Comics in the Classroom: Teaching Students to Read and Produce Graphic Novels

Assortment of graphic novels

This blog post offers materials and approaches for teaching comics from English 182 instructor Sumayyah Daud and English 131 instructor and graphic novel author Dorian Alexander’s recent workshop on using graphic novels in the writing classroom.

Why teach with comics? This isn’t an art class!

Graphic novels are an accessible medium that help connect students to material in less dense ways. Even if students don’t illustrate their comics, they can write scripts, which are used in the graphic novel world to convey multimodal design information to the artist (here’s a script example you can use in your class). In addition to or instead of creating comics, students can also read and analyze the multiple modes through which these texts convey meaning.

Okay, you’ve convinced me. How do I choose a text and develop assignments?

  • Browse Comixology, an online comics library.
  • Search for texts related to your course content and theme.
  • Consider cost: is the text going to be financially prohibitive for your students?
  • Look for representation. The world of commercial comics is largely white, straight, and male, but there are great independent texts that represent a broader array of characters.
    • Dorian recommends the upcoming queer comics anthology Be Gay, Do Comics by The Nib. I just backed it on Kickstarter, and you can too.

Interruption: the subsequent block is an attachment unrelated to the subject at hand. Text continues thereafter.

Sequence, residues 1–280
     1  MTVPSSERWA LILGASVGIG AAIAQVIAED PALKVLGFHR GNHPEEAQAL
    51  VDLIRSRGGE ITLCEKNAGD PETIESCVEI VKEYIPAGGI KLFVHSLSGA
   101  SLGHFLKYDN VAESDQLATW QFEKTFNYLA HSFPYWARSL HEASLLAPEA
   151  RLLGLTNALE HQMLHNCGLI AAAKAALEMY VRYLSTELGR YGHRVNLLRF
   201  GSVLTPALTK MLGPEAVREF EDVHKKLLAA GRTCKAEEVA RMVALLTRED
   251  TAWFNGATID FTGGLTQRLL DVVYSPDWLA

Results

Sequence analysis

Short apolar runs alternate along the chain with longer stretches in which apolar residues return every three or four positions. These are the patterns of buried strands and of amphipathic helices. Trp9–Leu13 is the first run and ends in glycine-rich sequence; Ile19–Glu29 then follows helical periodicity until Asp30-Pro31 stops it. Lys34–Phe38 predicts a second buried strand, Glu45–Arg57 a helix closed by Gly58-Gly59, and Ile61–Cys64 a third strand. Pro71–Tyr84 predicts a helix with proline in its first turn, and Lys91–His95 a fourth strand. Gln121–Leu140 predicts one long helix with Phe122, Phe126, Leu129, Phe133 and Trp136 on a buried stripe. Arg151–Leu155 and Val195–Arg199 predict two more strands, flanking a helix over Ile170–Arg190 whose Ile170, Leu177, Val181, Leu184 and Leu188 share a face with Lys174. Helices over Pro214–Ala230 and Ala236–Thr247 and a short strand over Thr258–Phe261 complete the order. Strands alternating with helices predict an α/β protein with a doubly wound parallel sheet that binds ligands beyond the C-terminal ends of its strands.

• If you are asking students to write comics, consider the types of narratives you want students to produce and how you can model those narratives through the texts they read.
  • Adapt the sample prompts and use the texts suggested below.

 How Sumayyah Teaches with Comics

Sumayyah Daud, comics workshop facilitator

 

 

My first and second sequences lead up to students producing a comic. The first sequence ends with a fully-developed pitch, and the second sequence ends with a script. 

Sumayyah’s Teaching Resources:

  • Visual analysis PowerPoint (Warning: includes spoilers for Monstress)
  • Assignment sequences 1&2
    • Note from Sumayyah: This was my first time teaching 182. When I teach it again, I think I am going to move MP1 and structure my sequence as SA1, SA3, SA2, SA4, MP1, MP2. The second MP has space for shorter assignments built in (the outline and peer review), and this arrangement makes more sense in terms of skill scaffolding. I felt there was a lot of yoyo-ing this quarter in part because I was trying to find my feet in a new reading curriculum, and I think this arrangement would rectify that. This arrangement would also allow me to organically scaffold critical considerations of their work, instead of going back and forth between the creative aspect and the critical aspect.

How Dorian Teaches with Comics

Dorian Alexander, comics workshop facilitator

I’ve taught with comics in all my English and History courses. I find that comics are becoming a global touchstone of sorts and are therefore excellent aids in diverse classrooms. My current pedagogical favorites include Queer: A Graphic History by Meg-John Barker and Julia Scheele and Nat Turner by Kyle Baker.

Join us for upcoming CIC workshops, “Teaching with Video Games,” facilitated by Sophia Chen on Friday, November 22nd from 11:30-12:30 in MGH 082 and “Teaching Critical Technologies” facilitated by Caitlin Postal on Thursday, December 5th from 3:30 to 4:30 in MGH 082.

 

Thank you to the workshop participants and facilitators, Sumayyah Daud, Dorian Alexander, Sara Lovett, Jake Huebsch, Dino Kladouris, and Rachel Dusin for collaboratively generating the ideas presented in this blog post.